Capitalism - The Creator
The theses and conclusions in the present work rest upon the original research in quantitative economics which the writer has carried on in the last twenty years, summed up in several hundred original charts, of which a selection of 44 is herein presented. A hundred or more of these charts have been given in various papers in economic and statistical journals, of which a brief bibliography is later appended.
It is hoped that in a volume to come, a further selection of the charts may be given. To the mind of the writer, it is the cumulative weight of these factual and statistical studies which provides such definite, quantitative proof as the theses contained in this volume may possess.
It is the weakness of much eco-nomic writing that it does not attempt such factual foundations but relies rather upon the plausibility of theoretical reasoning, more fitting to the domains of metaphysics than to present-day science. The charts afford this advantage: they can be followed and studied without reference to the text, or the conclusions presented.
They provide a rapid aper^u of the whole theme. On the other hand, by their complete detachment from the text, the reader who does not care for these newer methods of research needs to give them but the most cursory attention. He will find it all in the body of the text. Finally: for the Rapid Reader. The main thesis is set forth in the introductory chapter:
By Way of a Preface, again, the entire argument is summed up in the eight brief chapters which stand at the close of the volume. There is no further ‘‘required reading.” For a “busy” Age! (As if it differs, in any serious degree, from hundreds of others, somewhere, in the last 5,000 years at the least, as the mounting evidence from the fascinating fields of archaeological discovery so vividly reveals.)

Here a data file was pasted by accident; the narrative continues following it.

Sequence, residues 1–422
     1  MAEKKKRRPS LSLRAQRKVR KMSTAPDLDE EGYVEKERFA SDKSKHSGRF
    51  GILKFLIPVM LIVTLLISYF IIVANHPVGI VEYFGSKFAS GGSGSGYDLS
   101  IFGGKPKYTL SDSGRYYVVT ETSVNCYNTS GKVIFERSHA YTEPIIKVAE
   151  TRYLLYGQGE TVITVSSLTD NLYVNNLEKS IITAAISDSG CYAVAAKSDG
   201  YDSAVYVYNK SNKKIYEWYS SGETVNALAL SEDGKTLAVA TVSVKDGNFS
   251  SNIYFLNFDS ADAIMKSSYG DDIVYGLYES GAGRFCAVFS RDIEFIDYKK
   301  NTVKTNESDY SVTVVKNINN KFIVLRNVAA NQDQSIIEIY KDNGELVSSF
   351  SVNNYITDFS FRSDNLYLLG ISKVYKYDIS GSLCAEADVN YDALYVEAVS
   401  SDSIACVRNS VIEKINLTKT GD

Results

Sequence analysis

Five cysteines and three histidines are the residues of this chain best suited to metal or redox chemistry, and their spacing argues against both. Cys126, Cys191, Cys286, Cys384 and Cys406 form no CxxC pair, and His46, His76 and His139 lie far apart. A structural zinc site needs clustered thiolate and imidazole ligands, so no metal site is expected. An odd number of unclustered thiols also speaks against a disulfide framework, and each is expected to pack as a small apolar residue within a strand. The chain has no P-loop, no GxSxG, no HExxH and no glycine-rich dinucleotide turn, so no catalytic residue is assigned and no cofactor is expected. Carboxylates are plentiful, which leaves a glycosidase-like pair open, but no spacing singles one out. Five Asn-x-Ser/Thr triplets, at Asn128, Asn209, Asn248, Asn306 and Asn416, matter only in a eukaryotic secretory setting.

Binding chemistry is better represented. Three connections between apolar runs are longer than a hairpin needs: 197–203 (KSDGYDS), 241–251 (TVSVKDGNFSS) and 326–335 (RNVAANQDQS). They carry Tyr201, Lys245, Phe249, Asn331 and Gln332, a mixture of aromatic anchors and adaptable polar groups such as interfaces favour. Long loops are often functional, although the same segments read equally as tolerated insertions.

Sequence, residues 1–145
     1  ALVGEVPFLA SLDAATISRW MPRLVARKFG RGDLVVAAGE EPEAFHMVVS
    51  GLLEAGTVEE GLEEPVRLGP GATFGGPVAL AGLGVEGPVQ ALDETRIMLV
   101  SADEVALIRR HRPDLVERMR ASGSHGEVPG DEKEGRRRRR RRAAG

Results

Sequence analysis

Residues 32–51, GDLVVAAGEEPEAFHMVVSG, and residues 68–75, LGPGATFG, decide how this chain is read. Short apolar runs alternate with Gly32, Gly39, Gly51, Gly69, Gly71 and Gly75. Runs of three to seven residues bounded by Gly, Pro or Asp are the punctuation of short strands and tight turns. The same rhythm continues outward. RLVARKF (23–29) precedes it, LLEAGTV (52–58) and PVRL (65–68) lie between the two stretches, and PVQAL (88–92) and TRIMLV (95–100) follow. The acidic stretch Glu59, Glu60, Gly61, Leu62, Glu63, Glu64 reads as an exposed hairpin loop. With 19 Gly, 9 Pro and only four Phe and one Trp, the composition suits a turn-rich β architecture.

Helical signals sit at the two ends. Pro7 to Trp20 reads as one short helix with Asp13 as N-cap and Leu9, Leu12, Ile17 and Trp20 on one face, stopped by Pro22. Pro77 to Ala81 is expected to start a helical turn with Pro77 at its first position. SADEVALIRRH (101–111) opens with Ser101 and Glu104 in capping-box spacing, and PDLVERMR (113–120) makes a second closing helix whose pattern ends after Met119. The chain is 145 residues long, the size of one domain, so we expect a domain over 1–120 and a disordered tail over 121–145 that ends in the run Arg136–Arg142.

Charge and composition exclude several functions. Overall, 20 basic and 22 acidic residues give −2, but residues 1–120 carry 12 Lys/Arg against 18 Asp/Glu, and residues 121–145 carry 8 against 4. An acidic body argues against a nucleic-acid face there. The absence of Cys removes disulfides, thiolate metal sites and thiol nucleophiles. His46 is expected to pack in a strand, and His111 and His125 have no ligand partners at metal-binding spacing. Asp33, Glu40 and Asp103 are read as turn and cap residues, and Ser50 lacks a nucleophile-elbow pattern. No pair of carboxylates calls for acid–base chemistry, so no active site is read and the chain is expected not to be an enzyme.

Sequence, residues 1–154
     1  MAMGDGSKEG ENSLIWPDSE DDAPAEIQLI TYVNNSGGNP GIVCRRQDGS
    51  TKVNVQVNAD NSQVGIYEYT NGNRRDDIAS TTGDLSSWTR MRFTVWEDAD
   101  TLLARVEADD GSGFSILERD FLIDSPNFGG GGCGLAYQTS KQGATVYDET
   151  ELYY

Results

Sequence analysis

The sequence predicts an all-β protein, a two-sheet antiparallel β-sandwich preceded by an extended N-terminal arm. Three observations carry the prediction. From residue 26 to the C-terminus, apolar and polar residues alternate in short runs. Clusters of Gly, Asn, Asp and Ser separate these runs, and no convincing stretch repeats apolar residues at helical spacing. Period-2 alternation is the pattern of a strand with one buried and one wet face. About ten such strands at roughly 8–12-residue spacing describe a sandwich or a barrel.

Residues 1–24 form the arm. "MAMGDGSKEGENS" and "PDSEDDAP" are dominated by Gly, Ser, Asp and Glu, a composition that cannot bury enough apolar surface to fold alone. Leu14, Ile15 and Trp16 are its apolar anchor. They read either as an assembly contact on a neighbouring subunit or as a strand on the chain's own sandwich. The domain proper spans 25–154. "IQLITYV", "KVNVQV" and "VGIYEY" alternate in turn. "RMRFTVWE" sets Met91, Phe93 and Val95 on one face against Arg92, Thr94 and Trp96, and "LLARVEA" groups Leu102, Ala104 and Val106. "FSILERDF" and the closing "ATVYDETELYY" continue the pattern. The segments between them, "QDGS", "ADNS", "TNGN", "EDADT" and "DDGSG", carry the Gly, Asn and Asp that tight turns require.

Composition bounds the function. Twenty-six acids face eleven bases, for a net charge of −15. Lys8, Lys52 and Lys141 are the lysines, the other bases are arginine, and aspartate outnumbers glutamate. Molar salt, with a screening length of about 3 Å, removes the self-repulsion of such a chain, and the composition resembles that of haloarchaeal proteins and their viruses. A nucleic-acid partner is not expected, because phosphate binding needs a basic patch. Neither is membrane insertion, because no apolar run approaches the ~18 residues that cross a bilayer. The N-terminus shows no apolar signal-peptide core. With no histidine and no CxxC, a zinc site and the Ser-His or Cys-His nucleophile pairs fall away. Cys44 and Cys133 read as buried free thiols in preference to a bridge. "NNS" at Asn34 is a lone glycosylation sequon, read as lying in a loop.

This volume is not intended as a systematic treatise. It is not written for economists, but for the larger public who take an intelligent interest in the affairs of this world, and the welfare of its peoples. There is a perhaps undue reiteration of the main theses, in order that “he who runs may read,” and comprehend.
I. The Industrial United States 21
11 . Momentum of World Population Growth, 1650-
III. Income in 48 Countries and in 48 States . . -35
IV. Growth of World Metal Production .... 41
V. Production of Minerals and Metals in the Four
Leading Countries 51
VI. World Growth of Electric Power .... 57
VII. Growth of Manufactures and of Trade and Pro-
VIII. Primary Power, Manufacturing Output, and
Capital Invested 75
IX. National Wealth and Income of the United States 89
X. Wealth, Income, and Value of Manufactures. 95
XI. Growth of Industry 107
XII. Capital, Value Added, and Primary Power. .113
XIII. Capital and Product in Different Industries. .123
XIV. Growth of Textile Manufacturing in the United States. -131
XV. Growth of Iron and Steel Manufactures . . .141
XVI. Growth of the Petroleum Industry . . . .145
XVII. Growth of Railways 155
XVIII. Growth of Electrical Industries in the United States 1 59
XIX. Growth of Automobile Industry in United States 1 69
XX. National Income and Wage and Salary Payments . . . .175
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